The BP chief’s resignation

04 May

The 170-word article in the Straits Times (2 May 2007) was headlined “BP chief quits over gay affair”. The opening sentence said he resigned “after a judge lifted a legal injunction preventing a newspaper from publishing details of his homosexual relationship.”

This is technically accurate but misleading, because it was silent over the real nub of the matter. Readers are likely to be led to think that the BP chief had to go when he failed at hiding his sexual orientation from the public. This in turn calls up subliminally a host of unquestioned associations: that homosexuality is a moral failing, therefore such persons are unfit for high office, hence it should be hidden, failing which one has to quit…

It was this public scolding that brought him down. For lying to a court. Not for being gay; not for having a lover…

That’s from Fall of the BP chief Part 1 in the May 2007 section of Yawning Bread. Do go on to Part 2.

…The seldom acknowledged fact is that despite avowing the creed of non-discrimination and judging people by merit, the business world fairly reeks of heterosexism — and male chauvinism too, as many a female executive can attest. Browne’s close friends and colleagues may have no issue with his gay side, but other business contacts would be another question.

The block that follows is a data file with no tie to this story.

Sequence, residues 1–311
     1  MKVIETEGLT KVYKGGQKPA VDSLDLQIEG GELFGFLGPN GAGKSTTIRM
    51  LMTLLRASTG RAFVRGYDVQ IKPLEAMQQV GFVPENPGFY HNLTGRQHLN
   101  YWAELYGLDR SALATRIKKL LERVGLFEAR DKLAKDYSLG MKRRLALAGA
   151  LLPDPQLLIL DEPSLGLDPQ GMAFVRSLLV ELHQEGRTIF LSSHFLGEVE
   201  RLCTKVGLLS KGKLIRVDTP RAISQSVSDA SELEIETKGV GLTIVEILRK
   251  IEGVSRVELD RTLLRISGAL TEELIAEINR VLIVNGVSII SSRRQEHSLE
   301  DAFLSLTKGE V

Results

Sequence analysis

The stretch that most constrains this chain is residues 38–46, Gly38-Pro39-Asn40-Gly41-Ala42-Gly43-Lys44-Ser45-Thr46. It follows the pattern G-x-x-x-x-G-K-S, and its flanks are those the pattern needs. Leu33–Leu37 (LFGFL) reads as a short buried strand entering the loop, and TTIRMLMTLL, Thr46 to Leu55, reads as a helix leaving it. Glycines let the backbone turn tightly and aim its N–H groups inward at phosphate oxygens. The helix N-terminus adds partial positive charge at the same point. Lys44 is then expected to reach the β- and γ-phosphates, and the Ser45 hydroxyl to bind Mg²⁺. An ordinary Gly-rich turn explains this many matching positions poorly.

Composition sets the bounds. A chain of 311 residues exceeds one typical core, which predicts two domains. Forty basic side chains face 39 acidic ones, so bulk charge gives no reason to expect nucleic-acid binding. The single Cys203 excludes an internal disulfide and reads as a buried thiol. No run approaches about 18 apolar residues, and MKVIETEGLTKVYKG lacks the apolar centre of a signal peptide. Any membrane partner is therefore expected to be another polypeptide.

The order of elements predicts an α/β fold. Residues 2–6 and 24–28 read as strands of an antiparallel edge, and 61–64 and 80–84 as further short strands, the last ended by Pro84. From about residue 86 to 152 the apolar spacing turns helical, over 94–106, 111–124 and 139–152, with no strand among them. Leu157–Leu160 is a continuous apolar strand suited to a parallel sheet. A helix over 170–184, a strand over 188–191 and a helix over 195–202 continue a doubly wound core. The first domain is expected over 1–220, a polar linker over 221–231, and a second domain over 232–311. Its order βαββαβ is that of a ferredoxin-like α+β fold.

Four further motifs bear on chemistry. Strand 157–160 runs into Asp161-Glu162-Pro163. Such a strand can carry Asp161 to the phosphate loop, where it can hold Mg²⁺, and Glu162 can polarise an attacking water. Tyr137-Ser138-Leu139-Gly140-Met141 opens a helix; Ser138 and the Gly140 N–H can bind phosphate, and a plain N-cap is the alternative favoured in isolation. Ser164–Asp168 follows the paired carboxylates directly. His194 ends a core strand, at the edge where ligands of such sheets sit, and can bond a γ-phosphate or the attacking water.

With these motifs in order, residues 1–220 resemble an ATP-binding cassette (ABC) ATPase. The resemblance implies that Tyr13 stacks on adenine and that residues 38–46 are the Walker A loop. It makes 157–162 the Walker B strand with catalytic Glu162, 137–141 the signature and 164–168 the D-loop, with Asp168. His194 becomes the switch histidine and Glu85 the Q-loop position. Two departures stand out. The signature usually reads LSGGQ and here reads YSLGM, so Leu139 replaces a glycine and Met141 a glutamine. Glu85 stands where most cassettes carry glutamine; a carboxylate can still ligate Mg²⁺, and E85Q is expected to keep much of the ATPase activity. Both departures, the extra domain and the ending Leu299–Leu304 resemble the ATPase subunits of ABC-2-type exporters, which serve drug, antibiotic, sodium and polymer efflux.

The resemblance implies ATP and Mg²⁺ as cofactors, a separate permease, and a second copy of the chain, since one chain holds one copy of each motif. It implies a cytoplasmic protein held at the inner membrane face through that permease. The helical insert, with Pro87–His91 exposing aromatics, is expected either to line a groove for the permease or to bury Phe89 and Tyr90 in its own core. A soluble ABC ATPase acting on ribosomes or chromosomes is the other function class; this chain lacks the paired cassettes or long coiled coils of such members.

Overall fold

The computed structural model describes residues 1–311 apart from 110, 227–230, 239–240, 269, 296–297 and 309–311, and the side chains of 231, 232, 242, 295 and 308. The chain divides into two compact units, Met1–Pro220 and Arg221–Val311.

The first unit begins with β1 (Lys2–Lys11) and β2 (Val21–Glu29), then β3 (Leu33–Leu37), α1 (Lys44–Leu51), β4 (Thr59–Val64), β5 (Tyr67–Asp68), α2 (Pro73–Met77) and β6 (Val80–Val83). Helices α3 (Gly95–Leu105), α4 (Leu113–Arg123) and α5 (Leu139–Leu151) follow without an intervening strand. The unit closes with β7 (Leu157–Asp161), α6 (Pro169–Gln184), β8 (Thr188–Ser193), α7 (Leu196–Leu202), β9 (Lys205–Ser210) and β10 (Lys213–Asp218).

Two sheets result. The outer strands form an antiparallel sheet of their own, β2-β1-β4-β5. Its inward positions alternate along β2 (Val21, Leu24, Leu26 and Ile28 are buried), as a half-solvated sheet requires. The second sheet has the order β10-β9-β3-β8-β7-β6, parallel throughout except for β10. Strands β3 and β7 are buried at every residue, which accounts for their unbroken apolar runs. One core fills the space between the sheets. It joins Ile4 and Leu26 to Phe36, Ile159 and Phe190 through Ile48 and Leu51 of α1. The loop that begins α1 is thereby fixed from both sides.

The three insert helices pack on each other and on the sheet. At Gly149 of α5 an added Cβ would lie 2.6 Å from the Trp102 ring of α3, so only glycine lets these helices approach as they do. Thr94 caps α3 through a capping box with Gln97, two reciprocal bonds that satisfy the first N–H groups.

“Homophobia may be withering in offices and on the shopfloor,” write Patrick Collinson of The Guardian, “but among Britain’s business elite the closet remains firmly shut. At the global oil majors, routinely negotiating deals in countries not known for their tolerance of homosexuality, being openly gay is simply not an option.”…

Alex Au has done such a good job analysing this affair. Do read it all.

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3 responses to “The BP chief’s resignation

  1. Oscarandre

    May 5, 2007 at 11:08 am

    This is a very interesting observation and one about which I’d not thought before. It is true that we think of the (Western) world being less homophobic than before but, certainly in my experience, very few (if any) high flying business executives acknowledge being gay. Does that mean that coming out is a career limiting option?

  2. ninglun

    May 5, 2007 at 3:05 pm

    Yawning Bread’s perspective – and those posts are really well argued — is especially interesting coming from an openly gay man in Singapore.

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